It is presumed that in addition to compression of the bleeding area that there are other mechanisms involved in the homeostasis.38 One of the additional proposed mechanisms of UBTs is the induction of uterine contractions. This was evaluated in a study comparing the estimated firmness of the uterine corpus and cervix before and after the UBT insertion, using radiation force impulse elastography. The study showed an immediate increase of the uterine firmness after UBT placement, suggesting a correlation with the induction of uterine contractions.38 This property may be associated with the production of prostaglandins generated after the device is placed; nevertheless, more studies are needed to support this association.39,40

Specific intrauterine balloon devices

Among the specific intrauterine devices available, the Bakri balloon is the one that has been most often used. The Bakri balloon is an elastic silicone balloon-shaped device that connects with a catheter that allows the flow of saline in to the device. The rapid instillation set include polymer tubing with an IV bag spike and three-way valve. This balloon has a maximum recommended volume of 500 mL and can be inserted transvaginal or transabdominal depending on the delivery route. Placement procedure will be further explained in “How to insert Bakri balloon” section below. Once inside the uterine cavity, the Bakri balloon is filled with saline which causes distention of the device walls, compressing the bleeding area, stopping the hemorrhage (Figure 6).4,41

There are two other specific devices that differ somewhat from the Bakri, the Ebb® and the BT-Cath. The Ebb has an additional balloon that is placed in the vaginal tract, which decreases the risk of the device slipping out of the uterus. This balloon is composed of a thin layer of polyurethane that holds up to 750 mL of fluid (Figure 7).42,43 The most important structural difference of the BT-Cath balloon is that of a “more pronounced umbilicated drainage channel (Figure 8) and a thinner silicone balloon layer” compared with the Bakri balloon.42 Table 2 briefly summarizes the most important aspects of these three specific intrauterine balloons.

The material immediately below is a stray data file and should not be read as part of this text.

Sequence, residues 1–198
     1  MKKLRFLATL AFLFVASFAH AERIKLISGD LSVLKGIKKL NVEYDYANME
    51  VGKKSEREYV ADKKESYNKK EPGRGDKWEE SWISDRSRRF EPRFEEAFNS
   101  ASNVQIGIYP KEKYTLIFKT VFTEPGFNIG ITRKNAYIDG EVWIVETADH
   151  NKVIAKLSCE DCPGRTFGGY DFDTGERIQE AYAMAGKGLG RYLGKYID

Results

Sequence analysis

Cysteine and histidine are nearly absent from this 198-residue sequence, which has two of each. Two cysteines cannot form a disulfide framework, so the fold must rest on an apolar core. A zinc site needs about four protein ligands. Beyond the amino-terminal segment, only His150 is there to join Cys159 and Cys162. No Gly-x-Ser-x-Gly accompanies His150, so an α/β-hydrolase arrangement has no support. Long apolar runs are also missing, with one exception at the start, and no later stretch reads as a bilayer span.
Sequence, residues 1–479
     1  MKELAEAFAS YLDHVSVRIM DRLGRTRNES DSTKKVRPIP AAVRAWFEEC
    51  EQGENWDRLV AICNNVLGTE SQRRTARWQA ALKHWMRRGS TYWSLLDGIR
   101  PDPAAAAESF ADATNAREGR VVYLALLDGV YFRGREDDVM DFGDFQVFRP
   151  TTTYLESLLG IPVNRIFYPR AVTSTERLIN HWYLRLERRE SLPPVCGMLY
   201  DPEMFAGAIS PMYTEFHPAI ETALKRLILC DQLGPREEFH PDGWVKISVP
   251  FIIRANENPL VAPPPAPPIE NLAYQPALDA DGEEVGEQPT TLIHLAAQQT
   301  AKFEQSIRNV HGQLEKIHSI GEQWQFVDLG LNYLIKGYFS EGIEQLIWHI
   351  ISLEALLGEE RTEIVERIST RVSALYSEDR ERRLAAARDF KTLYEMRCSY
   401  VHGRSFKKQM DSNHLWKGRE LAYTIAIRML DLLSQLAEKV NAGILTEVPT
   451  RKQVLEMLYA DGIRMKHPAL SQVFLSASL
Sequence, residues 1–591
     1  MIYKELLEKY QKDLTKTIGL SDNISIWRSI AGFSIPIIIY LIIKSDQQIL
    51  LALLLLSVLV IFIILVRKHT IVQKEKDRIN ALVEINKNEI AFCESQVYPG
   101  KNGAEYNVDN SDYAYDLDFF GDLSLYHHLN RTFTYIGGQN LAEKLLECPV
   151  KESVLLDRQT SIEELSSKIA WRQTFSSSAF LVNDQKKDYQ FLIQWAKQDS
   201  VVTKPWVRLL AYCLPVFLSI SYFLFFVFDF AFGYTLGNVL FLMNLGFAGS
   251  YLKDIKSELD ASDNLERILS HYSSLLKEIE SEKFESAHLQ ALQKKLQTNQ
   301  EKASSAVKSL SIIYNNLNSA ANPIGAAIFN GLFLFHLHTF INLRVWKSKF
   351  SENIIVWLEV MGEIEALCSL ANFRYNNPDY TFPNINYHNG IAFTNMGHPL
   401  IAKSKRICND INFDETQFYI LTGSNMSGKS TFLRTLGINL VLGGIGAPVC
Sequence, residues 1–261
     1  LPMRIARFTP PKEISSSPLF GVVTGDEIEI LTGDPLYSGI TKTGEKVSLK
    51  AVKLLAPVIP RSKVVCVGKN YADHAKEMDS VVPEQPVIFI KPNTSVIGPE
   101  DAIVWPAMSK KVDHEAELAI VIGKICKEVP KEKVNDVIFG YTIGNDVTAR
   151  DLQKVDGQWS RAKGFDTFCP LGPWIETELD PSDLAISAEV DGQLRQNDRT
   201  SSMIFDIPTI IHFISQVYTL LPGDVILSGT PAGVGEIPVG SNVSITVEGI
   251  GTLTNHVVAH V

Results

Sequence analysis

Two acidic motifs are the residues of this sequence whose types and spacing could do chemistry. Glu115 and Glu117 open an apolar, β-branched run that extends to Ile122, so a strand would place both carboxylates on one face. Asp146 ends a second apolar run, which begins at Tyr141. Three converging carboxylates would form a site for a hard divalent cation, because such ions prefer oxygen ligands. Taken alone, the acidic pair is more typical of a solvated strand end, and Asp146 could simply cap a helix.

Specifications of uterine-specific balloon tamponade devices. Adapted from Georgiou, 2014;42 and Antony et al., 2017.44





Cook Medical

UTAH Medical Products Inc.


Balloon material




Recommended volume

500 mL

250 mL (gastric balloon)

150 mL (esophagus balloon)

750 mL (uterine balloon

300 mL (vaginal balloon)

Drainage of uterine cavity




Balloon number(s) in device




Rupture volume

2,850 mL

> 5,000 mL

> 5,000 mL

Rupture pressure

64 mmHg

17 mmHg

9 mmHg


Bakri balloon. From Posner GD, Jessica DY, Black A, Jones, GD. Human Labour & Birth, 6th edn.45 Copyright © McGraw-Hill Education. All rights reserved.


Ebb system balloon. From Ebb Quick Reference guide [Internet]. Clinical Innovations. 2014.


BT-Cath balloon. From BT-Cath Uterine Balloon Tamponade Catheter for Postpartum Hemorrhage [Internet]. Utah Medical Products Inc.


UBTs are indicated in refractory PPH, with an estimated blood loss less than 1,500 mL, after uterotonics have not stopped the bleeding, and the origin of any source of hemorrhage, besides uterine atony, has been corrected, this includes repairing lacerations, and ruling out retained placenta and uterine inversion.46 In cases with an estimated blood loss greater than 1,500 mL, a surgical approach should be considered first.

Prophylactic UBT use has been reported in placenta previa cases after cesarean delivery and to avoid recurrence of uterine inversion; however, there is insufficient evidence to recommend its application.42